China's manned submersible Fendouzhe, which means "striver "in Chinese, successfully completed a 10,909 meter dive into the Challenger Deep chasm in the Mariana Trench on Tuesday.
On Friday, Fendouzhe again dived into the trench in the western Pacific Ocean, but this time it was accompanied by China's deep-sea lander Canghai, meaning "vast sea", which transmitted high-definition video of the submersible in real-time.
While it is challenging to make a manned submersible that can safely dive to the deepest part of the ocean, where the water pressure is 1,100 times greater than atmospheric pressure, it is even more difficult to livestream video from such depths.
In water, electromagnetic waves meet very high resistance and they can hardly travel through sea water that's 100 meters deep, which is why ships and submarines usually use sonar (sound navigation and ranging) to detect and determine the distance and direction of underwater objects.
Chinese engineers solved the problem of video transmission in a creative way by linking an optical-fiber cable to the end of Canghai so as to transmit the data. Just imagine tying a rope to something that's 11,000 feet underwater.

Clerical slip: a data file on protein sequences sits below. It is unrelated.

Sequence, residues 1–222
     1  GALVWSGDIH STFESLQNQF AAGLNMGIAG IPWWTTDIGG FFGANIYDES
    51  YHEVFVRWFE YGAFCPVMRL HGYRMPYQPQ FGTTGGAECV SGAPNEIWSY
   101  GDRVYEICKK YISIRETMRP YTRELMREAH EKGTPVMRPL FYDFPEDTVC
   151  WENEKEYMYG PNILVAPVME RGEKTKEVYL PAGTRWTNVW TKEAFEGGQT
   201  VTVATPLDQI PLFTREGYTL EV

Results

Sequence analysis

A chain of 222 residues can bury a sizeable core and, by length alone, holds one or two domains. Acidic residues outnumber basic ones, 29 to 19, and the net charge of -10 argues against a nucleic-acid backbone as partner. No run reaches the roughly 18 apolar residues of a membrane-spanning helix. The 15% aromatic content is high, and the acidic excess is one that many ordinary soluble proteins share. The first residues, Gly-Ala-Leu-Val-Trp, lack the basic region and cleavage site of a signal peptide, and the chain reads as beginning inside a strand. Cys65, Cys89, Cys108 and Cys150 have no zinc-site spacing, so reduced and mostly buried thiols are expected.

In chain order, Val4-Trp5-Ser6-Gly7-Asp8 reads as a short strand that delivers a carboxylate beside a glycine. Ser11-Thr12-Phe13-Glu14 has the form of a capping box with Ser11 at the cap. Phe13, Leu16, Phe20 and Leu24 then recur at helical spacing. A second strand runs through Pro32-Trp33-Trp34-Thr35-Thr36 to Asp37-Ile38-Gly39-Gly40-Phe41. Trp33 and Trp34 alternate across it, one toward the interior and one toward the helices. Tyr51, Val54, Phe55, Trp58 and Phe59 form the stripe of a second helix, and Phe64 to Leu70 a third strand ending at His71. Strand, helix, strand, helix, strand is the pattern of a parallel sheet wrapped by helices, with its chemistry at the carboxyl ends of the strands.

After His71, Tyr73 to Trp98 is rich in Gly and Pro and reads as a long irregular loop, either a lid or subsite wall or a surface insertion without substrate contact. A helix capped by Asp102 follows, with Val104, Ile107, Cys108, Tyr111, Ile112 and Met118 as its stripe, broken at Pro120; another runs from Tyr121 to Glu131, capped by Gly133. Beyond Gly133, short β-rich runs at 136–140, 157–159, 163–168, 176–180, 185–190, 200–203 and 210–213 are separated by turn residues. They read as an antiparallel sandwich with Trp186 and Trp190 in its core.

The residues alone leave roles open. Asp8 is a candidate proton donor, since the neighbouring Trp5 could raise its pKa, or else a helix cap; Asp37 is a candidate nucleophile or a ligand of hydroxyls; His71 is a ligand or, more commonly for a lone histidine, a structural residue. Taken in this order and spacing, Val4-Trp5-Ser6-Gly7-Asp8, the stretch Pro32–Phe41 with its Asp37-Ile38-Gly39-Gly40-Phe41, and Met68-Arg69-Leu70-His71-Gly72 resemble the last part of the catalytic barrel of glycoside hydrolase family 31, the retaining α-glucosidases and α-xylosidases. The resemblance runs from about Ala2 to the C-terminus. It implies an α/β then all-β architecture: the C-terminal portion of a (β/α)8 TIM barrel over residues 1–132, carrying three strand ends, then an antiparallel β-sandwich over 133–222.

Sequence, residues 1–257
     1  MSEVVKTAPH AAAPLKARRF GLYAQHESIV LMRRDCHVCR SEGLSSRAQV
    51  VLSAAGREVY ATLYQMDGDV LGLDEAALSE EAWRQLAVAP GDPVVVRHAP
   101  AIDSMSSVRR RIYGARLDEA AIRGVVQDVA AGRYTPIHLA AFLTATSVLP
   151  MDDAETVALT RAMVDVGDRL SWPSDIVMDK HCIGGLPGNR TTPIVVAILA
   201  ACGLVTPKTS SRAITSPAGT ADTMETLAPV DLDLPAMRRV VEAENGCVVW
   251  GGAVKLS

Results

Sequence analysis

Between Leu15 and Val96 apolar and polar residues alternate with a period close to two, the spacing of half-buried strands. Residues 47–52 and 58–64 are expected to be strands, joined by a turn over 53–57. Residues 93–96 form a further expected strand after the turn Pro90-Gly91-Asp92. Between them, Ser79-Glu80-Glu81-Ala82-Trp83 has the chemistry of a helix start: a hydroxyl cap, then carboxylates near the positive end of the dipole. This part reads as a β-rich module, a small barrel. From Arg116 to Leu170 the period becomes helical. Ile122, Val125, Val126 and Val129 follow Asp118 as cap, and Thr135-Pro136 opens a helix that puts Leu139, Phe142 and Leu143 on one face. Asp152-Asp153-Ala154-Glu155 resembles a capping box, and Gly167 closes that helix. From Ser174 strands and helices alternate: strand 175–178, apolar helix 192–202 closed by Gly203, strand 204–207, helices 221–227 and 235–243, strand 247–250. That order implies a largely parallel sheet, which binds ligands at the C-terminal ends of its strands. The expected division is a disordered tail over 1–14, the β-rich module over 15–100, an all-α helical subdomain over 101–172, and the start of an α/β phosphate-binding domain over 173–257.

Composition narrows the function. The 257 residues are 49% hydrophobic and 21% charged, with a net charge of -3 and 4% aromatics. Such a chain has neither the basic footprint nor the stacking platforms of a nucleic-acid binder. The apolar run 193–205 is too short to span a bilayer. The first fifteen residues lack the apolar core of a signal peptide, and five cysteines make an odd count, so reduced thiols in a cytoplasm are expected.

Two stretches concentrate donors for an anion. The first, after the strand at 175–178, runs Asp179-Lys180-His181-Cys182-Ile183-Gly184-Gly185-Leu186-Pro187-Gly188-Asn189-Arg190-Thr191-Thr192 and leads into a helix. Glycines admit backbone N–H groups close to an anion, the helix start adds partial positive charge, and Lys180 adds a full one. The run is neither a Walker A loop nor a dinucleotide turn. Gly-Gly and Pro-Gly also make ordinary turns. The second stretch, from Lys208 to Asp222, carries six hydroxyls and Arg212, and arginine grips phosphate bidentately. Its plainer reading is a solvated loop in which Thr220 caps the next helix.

The optical-fiber cable must be strong enough to withstand the complicated water conditions in the deep sea. As a precaution, the engineers employed a backup at about 3,000 meters because of the chaotic currents there.
Thanks to the cable viewers were able to watch a livestream of Fendouzhe. It was the efforts of hundreds of people that made this possible. In turn, the successful livestreaming showed that China's technologies in several sectors lead the world.
And it is the dedication of Chinese scientists and engineers that has secured that leading position. The nation is looking forward to more technological progress.